So how does that constitute ignoring Internet speech issues? Moron.
  • "I don't want to go to jail," said Edelman, who graduated from Harvard in June, and who plans to study law there this fall. "I want to go to law school."
    So, what's the difference???
  • by rbgaynor (537968) on Thursday July 25, 2002 @12:10PM (#3951767) Homepage
    ...couldn't the lawsuit be considered a circumvention device?
  • As a former (Score:2, Insightful)

    by ehorizon (591829)

    card carrying member of the ACLU, (I stopped donating because of their defense of MAMBLA)It's good to see them fight a worthy cause.

    • Re:As a former (Score:5, Insightful)

      by Ralph Wiggam (22354) on Thursday July 25, 2002 @01:52PM (#3952464) Homepage
      The whole point of the ACLU is to provide legal defense for unpopular speech. The fact that you felt strongly enough about that to donate money, and then stopped donating when they defended NAMBLA doesn't make sense to me. I completely agree with the ACLU's defense of the Nazis in Skokie, and my family is Jewish. To consider yourself a real civil libertarian, I think you have to support ALL free speech ("Fire" not withstanding). As soon as you draw a line for yourself saying "I support free speech, but those guys at NAMBLA are too repulsive" then you're making a distinction of speech based on taste. And if you're willing to make that distinction for yourself, then by extension you are supporting that distinction by the government. And once the government gets to make free speech decisions based on popularity or taste, we're all screwed.

      I know this is sort of off-topic and I don't mean to call you out personaly, but I'm a very big supporter of the ACLU and you're post sort of struck me.

      -B
  • In my opinion, this doesn't seem like it'll get too far. They need to apply their energies somewhere with a far greater chance of success (video/audio copyprotection that prevents consumers from viewing/listening to products they purchase). It may just be that I don't read the right news sites, but it seems to me that this area has largely been ignored. People complain about the dmca, but they don't seem to want to challenge it in court on valid points. For example, I bought a dvd, i happen to like freebsd, and I don't own a dvd player up at school except for the one on my computer. What happens when I want to view it? I'm not allowed to? Didn't I purchase the right to view that dvd? I didn't purchase the right to copy it and give it to all my friends, that is illegal, and is made illegal under existing laws. The DMCA is redundant and excessive. They make it illegal not just to copy something but to have the means to copy something. Should photocopiers and printers be made illegal? I can scan in and print out a copyrighted book and distribute it to my friends using these tools.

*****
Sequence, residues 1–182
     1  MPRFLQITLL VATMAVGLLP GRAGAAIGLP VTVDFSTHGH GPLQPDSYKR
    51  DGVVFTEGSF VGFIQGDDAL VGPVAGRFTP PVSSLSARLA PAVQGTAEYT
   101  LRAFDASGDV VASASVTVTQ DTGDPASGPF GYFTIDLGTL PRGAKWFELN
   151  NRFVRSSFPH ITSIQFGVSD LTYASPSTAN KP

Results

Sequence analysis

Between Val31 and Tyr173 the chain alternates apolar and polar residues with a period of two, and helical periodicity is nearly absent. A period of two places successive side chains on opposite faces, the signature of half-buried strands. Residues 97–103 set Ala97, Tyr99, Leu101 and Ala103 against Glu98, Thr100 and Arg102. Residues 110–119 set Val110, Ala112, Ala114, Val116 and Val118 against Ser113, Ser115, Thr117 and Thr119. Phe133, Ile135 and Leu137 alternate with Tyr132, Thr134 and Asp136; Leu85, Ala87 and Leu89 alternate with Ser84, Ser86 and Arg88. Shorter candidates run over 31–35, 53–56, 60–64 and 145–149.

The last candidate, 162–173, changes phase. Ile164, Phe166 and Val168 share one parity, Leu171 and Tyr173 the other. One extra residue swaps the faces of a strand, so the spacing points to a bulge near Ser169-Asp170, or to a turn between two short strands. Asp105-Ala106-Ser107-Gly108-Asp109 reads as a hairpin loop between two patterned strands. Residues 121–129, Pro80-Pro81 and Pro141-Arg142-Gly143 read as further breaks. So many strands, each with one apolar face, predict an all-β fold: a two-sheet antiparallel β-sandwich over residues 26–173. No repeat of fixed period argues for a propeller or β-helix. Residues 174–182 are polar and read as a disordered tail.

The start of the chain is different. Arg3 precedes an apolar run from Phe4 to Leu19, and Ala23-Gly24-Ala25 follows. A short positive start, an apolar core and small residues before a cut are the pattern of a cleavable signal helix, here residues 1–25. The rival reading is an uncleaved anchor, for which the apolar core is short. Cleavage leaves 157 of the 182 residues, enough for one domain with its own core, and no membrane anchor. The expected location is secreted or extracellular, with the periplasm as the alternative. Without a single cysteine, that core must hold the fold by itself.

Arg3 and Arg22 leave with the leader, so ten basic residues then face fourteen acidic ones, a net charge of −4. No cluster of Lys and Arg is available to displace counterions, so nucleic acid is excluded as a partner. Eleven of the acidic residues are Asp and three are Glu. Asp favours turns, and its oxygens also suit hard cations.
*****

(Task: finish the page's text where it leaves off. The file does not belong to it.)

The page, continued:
The problem is that our nation has become a nation of corporations and organizations.
    We are a nation of individuals with individual rights.
    The government has no business making it illegal to do things that have been legal since the beginning of our nation. We have always been allowed to read books, and until recently we have been allowed to view and listen to movies and music which we purchase.

    Hmm, this turned into a bit of a rambling rant, sorry.
  • See, that's why I gave money. That's why I'm literally a card carrying menber of the ACLU.

    I actually joined after 9/11 cuz the religious right was freaking me out. This most recent news is just extra. I'll be giving them money again this year.

  • by fizbin (2046) <martin&snowplow,org> on Thursday July 25, 2002 @12:23PM (#3951871) Homepage
    I really don't understand the ACLU's strategy here. Aren't people already allowed to do this kind of research thanks to the librian of congress's decision on exemptions to the DMCA's anti-circumvention scheme? [loc.gov]

    If he's already allowed to do this type of research, what harm is the ACLU basing their decision on? Won't they just get thrown out of court for bringing an issue that isn't ripe for decision? (i.e. that has no consequences, because the librarian of congress has already crafted an exemption for this research)
    • by zoombat (513570) on Thursday July 25, 2002 @12:32PM (#3951935)
      I'm no legal expert by any means, but from the ACLU press release [aclu.org]:
      • Although the DMCA provides a limited exception for accessing lists of blocked Web sites, Beeson said that it is meaningless because another provision blocks users from writing the software tools necessary to access the lists.

        "The copyright law says you can look under the hood under certain circumstances but you can't build a tool needed to open the hood," Beeson said. "This irrational rule is chilling important scientific research in violation of the First Amendment."

      Assuming that's really true, it is a pretty stupid and contradictory law that should be changed, in my oh-so-humble opinion.
      • I know this is a week old, and nobody'll ever see it, but...